Feel sorry for poor Joseph "Jay Dub" Wade, for this weekend he has suffered for you. He has developed a deep, unrelenting pain in his brain. causing dizziness, nausea and suicidal impulses. This pain is named Marmaduke.
EXPECTATIONS: Expectations? You mean I'm supposed to expect something from a movie based on a 50-year-old "Gee, that's a big damn dog!" joke? Alright: I expect it to be so bad that I will have chewed off two limbs and died of shock before the third reel. Anything less than terrible would be false advertising, and I simply won't stand for it.
REALITY: Okay, so I'm still here, but good God was it a tooth-and-nail struggle. If the thought of a talking dog waxing poetic about the joys of peeing is your -- or your kids' -- idea of comedy, then have I got the movie for you!
Just pray for a low bridge.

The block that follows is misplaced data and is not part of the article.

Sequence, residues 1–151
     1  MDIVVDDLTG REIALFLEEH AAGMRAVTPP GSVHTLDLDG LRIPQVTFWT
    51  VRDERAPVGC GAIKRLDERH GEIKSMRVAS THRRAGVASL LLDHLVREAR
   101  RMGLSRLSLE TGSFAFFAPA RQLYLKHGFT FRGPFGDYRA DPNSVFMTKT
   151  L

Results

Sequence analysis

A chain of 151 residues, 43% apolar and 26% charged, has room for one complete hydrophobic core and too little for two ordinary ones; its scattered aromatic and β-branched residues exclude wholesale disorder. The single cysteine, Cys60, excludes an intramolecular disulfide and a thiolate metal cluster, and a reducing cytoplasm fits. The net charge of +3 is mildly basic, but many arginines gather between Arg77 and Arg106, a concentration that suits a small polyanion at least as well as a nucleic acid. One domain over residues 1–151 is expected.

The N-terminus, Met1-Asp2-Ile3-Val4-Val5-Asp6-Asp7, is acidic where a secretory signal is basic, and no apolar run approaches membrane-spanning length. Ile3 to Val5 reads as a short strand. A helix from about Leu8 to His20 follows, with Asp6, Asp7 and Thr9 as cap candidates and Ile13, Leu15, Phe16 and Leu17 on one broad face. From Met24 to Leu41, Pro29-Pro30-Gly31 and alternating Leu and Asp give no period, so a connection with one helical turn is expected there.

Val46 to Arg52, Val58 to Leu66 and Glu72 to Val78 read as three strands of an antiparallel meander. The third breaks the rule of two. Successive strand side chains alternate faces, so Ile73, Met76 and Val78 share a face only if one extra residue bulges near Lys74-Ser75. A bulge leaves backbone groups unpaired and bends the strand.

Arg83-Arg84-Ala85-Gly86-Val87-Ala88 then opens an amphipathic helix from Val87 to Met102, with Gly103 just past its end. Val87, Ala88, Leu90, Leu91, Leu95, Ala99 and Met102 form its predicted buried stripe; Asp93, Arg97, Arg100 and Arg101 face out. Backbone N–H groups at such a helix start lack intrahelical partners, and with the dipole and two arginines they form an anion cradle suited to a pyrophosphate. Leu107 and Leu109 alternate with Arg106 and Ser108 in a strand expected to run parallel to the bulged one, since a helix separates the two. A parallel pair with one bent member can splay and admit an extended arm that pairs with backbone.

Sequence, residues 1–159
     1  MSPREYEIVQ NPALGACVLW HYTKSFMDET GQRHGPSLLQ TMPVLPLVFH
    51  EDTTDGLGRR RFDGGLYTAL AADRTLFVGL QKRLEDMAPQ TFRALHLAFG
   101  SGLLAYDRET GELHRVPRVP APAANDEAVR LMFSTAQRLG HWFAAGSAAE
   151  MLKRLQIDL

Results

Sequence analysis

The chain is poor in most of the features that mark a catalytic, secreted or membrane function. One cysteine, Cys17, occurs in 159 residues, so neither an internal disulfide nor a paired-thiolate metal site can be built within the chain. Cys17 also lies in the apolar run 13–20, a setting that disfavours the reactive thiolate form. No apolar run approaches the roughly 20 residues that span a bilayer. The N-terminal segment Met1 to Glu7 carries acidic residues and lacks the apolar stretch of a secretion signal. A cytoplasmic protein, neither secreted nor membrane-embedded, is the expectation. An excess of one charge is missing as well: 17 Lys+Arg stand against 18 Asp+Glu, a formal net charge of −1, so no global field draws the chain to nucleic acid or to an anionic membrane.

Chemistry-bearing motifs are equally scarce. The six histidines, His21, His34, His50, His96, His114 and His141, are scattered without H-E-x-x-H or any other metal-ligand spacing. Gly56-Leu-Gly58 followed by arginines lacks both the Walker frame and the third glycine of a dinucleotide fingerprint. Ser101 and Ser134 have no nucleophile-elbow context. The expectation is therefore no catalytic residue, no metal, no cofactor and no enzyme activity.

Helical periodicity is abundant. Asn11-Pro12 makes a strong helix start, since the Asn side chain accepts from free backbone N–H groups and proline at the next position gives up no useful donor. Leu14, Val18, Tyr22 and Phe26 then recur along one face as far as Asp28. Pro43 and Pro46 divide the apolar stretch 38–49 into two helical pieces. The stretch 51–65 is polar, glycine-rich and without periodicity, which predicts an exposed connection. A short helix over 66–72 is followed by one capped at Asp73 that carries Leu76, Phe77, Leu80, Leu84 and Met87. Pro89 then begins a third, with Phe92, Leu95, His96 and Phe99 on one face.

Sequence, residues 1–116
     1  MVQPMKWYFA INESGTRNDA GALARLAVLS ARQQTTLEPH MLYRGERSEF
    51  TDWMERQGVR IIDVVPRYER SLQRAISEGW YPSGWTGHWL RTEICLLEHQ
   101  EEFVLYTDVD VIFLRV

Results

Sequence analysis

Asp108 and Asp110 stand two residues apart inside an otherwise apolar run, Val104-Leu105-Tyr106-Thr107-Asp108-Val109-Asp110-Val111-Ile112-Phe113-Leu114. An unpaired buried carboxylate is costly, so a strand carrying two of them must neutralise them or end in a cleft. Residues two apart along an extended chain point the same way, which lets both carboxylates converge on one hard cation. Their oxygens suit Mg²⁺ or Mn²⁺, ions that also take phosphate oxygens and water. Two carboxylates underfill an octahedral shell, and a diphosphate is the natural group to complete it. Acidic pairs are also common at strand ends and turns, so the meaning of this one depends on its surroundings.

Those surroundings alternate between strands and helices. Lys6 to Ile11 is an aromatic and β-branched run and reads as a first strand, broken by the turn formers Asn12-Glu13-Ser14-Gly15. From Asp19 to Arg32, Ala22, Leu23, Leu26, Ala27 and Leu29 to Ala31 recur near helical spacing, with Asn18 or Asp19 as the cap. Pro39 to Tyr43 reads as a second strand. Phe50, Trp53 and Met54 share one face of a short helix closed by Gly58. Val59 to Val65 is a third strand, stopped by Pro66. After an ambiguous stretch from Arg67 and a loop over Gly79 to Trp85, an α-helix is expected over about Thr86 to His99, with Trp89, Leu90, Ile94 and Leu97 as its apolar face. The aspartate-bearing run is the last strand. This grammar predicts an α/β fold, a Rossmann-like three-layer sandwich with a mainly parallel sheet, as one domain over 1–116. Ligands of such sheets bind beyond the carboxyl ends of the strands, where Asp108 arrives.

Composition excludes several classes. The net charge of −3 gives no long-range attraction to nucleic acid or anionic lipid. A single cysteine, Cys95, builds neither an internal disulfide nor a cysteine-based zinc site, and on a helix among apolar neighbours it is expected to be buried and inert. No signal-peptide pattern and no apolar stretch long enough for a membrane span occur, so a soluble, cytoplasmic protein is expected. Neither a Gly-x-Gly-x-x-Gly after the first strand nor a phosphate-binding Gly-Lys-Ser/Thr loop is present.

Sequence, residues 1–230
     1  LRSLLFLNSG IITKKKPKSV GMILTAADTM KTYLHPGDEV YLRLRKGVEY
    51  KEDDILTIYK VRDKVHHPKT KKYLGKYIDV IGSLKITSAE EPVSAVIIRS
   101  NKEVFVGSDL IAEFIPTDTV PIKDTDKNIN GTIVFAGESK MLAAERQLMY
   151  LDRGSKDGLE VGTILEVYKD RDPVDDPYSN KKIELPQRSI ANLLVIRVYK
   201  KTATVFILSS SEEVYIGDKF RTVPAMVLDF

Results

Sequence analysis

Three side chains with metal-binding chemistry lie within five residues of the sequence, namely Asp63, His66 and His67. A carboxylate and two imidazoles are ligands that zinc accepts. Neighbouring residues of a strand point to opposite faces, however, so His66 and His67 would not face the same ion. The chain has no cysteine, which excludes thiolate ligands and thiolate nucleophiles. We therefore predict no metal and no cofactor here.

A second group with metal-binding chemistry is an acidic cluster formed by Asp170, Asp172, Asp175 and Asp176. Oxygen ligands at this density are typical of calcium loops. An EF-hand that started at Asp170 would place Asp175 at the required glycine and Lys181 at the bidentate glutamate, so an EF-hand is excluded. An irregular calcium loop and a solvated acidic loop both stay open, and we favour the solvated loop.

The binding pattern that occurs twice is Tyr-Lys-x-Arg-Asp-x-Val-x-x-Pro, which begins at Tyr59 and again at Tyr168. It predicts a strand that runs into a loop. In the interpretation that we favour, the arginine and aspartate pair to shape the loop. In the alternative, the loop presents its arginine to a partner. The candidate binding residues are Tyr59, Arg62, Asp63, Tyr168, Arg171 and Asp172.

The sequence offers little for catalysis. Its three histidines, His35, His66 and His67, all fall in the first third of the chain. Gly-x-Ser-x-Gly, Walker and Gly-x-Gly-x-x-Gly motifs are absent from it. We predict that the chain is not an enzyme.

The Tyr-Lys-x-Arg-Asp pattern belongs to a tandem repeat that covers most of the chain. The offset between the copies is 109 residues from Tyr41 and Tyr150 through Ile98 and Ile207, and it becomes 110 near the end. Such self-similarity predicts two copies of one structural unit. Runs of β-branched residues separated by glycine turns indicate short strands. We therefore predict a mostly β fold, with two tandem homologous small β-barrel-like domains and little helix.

The Marmaduke movie represents more thought than anyone's invested into the character in more than half a century. To put that into perspective, Owen Wilson wasn't even born the last time someone wrote an original Marmaduke joke, and even then artist Brad Anderson claims he stole most of his ideas from old Laurel and Hardy bits. It's too bad director Tom Dey (of Failure to Launch fame) ignored even THAT impulse, because Marmaduke is the same fart joke told over and over again for eighty-seven of the longest minutes of my life.
To make up for the lack of humor, the movie takes a different approach in its attempt to murder my poor, helpless brain cells. Marmaduke tells the tale of a happy-go-lucky teenager forced to leave Kansas for the free-wheeling, fast-paced beach lifestyle of Southern California, where this plucky youngster has to learn about cliques and individuality and all that crap, before ultimately realizing that the weird kids are just as unique as the cool, popular kids. Now replace that sexy young teenager with America's ugliest dog (voiced by Owen Wilson). That's Marmaduke. It is literally Mean Girls, but about dogs. I wish I was kidding.